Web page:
SSH Tunnels (How to Access AWS RDS Locally Without Exposing it to Internet)

Using SSH tunnels, it is possible to access remote resources that are not exposed to the Internet through the intermediate hosts or expose your local services to the Internet.


To make SSH commands shorter and easier to use, edit the ~/.ssh/config and add the configuration for the hosts you are going to connect.

The configuration defines default ssh options, so instead of the command like this ssh -i ~/.ssh/my_key.pem, we can just use ssh my-remote-host.

An example config:

Host my-remote-host
StrictHostKeyChecking no
User ec2-user
IdentityFile ~/.ssh/my_key.pem

Access Remote Hidden Resource

The SSH command to access the remote hidden resource locally through the intermediate accessible host is ssh -L:



ssh ${accessible_host} -L ${local_port}:${hidden_host}:${hidden_port}

With the command above we connect to the my-remote-host that has access to the hidden_host:hidden_port and make the hidden resource available locally:

localhost:5532 =====> my-remote-host =====>

Expose Local Resource To the Internet

The SSH command to expose the local resource through the intermediate host is ssh -R:


ssh my-remote-host -R *:${remote_port}:localhost:${local_port}

With the command above we connect to the my-remote-host and instruct it to accept connections to the 8181 port and forward them to the localhost:8888.

The *:8181 that remote host will forward connections to any network interface (by default it will use only

localhost:8888 <===== my-remote-host <===== my-remote-host:8181

You also need to make sure that firewall on my-remote-host allows connections to the 8181 port.

Example: Access RDS Database Through the EC2 Instance

It is good idea to make RDS databases not available from the Internet, so they can only be accessed from the EC2 instances where applications are running.

On the other hand, during the development, it is convenient to have the database accessible from your local machine. It is easy to do it, running the following command:

ssh my-aws-host -L

Here my-aws-host is the EC2 instance that has DB access and my-rds-host-name.cdiofumqrcpr...:5432 is the RDS host name and port.

After that, you can use the localhost:5532 on your local machine to connect to the remote database, for example with psql:

psql postgresql://my_db_user@localhost:5432/my_db_name

Or dump the database with pg_dump:

pg_dump -Fc -v --dbname=postgresql://my_db_user@localhost:5432/my_db_name -f my_db_name$(date --iso-8601).pq

Note: both commands above don’t specify the database password, to make it work, the password can be specified in the ~/.pgpass file (so it will not be present in the shell history or visible on the screen when the command is executed).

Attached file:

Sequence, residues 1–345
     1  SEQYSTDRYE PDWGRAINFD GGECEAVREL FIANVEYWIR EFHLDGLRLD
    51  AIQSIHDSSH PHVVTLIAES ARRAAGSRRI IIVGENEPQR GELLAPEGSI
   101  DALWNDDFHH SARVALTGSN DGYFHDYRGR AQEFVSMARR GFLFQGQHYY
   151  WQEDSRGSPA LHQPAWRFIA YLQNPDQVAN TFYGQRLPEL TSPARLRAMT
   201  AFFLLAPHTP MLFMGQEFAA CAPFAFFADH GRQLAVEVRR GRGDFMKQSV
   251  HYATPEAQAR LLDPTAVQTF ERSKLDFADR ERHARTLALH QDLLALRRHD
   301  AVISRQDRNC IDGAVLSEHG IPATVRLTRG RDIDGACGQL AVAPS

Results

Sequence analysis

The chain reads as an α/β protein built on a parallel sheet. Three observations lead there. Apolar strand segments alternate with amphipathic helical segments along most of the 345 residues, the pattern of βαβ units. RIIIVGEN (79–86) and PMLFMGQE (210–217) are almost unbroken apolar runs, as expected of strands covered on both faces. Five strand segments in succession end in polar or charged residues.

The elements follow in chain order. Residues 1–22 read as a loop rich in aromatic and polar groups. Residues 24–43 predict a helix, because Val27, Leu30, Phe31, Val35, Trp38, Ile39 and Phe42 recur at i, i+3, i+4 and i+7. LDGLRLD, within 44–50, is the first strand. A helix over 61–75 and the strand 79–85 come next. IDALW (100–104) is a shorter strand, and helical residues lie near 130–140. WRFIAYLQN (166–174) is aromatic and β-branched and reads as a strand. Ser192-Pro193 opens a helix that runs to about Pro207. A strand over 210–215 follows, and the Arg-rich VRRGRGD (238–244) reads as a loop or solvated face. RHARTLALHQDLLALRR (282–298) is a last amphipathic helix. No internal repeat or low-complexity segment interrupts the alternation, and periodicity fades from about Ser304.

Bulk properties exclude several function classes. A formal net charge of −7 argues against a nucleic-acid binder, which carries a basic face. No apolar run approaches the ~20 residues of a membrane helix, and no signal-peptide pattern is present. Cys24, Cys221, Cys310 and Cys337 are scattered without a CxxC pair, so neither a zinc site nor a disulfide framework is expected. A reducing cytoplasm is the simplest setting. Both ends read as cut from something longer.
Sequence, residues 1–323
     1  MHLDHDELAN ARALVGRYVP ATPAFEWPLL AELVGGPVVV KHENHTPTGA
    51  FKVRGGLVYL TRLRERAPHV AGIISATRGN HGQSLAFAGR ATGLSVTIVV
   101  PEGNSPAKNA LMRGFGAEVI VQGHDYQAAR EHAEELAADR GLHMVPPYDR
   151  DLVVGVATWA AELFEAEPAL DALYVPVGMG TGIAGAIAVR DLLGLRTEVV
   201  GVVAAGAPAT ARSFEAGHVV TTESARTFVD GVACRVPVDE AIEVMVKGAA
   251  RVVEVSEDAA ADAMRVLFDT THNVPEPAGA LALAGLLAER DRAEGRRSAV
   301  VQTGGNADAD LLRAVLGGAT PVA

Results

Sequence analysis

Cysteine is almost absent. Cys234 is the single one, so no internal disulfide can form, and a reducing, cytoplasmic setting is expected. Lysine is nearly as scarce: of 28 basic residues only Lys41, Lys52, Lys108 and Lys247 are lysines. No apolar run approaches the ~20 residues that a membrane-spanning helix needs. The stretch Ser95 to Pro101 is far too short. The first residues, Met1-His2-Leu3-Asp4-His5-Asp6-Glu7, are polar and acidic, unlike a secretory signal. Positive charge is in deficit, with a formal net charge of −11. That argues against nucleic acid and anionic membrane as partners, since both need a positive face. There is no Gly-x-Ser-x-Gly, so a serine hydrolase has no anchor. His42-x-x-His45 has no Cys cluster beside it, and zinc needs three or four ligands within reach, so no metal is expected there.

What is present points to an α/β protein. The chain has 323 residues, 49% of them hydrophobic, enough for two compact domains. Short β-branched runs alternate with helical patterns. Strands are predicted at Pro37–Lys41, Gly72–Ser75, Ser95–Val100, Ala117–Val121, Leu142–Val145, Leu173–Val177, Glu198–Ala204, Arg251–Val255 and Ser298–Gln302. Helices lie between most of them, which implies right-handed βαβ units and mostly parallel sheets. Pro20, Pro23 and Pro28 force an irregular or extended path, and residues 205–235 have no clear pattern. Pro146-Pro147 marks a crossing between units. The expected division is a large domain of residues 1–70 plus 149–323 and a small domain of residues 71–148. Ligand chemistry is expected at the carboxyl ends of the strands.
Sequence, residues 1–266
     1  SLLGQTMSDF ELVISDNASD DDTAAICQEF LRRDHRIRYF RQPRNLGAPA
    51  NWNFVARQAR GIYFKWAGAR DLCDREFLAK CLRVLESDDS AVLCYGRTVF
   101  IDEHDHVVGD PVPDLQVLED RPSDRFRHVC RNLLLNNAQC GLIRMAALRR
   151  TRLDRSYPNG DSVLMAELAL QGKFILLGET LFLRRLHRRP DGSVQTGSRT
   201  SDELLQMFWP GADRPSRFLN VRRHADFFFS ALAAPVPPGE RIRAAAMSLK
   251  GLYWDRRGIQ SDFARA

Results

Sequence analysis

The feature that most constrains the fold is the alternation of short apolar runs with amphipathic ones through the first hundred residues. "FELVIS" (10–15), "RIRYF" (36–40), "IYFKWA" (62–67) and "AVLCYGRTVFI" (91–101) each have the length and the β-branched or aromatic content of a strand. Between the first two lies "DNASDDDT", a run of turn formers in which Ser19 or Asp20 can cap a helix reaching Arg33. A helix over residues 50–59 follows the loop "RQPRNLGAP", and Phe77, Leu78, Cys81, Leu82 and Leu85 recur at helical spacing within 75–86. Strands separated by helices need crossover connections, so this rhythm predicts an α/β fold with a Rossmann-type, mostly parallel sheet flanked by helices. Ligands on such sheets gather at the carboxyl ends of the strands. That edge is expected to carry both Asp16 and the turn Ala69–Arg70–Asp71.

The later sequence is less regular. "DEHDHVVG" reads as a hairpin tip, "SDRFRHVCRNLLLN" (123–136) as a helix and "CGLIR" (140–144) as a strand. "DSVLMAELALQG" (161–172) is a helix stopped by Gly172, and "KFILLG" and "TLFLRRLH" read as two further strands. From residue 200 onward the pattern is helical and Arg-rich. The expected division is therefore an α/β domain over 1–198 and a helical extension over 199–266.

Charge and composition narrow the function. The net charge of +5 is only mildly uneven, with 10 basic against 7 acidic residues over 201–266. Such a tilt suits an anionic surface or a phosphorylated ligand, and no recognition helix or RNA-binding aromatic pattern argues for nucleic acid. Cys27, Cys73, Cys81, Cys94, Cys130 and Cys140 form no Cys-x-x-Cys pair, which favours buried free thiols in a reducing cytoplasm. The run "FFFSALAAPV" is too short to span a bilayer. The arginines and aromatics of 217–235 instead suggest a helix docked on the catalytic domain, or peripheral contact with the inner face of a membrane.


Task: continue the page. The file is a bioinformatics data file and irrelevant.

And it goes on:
The ~/.pgpass looks like this:


Example: Connect to Redis on AWS

Similarly to the PostgreSQL example above, we can create an ssh tunnel to the EC2 instance that has Redis access and expose Redis locally:

ssh my-ec2-instance -L

After that, we can use redis-cli or any other tool on the local machine to connect to redis on 6379 port.

Example: Expose Local Server Through the EC2 Instance

Sometimes it can be necessary to make locally running app available through the Internet. There are several ways to do that:

  • If you have the “real” IP address (you may need to ask your Internet provider to setup a real IP for you), you only need to make sure that your firewall allows connections to the port your app is running on
  • Use service like which will do the forwarding from the Internet to your local machine
  • Use SSH tunnel to the EC2 instance (or any other machine that’s accessible from the Internet)

Let’s say there is an app running locally on 8888 port (localhost:8888) and we want to make it available via the EC2 instance

To use the SSH tunnel, first, make sure there is a GatewayPorts yes option in the sshd config on the server. Ssh to the instance, open the /etc/sshd_config:

sudo vim /etc/sshd_config

Find and change or add GatewayPorts yes option, save the config. Restart sshd

sudo service sshd restart

Second, check and change, if necessary, the security group configuration for the EC2 instance and allow access to the port 8181.

Now, from your local machine run

ssh my-aws-host -R *:8181:localhost:8888

Now you should be able to access your local app via


If the connection fails, check the following:

  • ssh connection and tunnel established successfully - check the ssh output
  • sometimes, the connection is working, but the tunnel isn’t, in the ssh output you can see something like “Port forwarding is disabled to avoid man-in-the-middle attacks.” and the instructions on what to do
  • you don’t have anything running locally on the specified port
    • check with nc -v 5433 to see if there is a connection
    • additionally check with netstat -l | grep 5433 and lsof -i :5433

Useful searches for other issues are “ssh tunnel aws rds problem” and “ssh tunnel aws rds connection error”.


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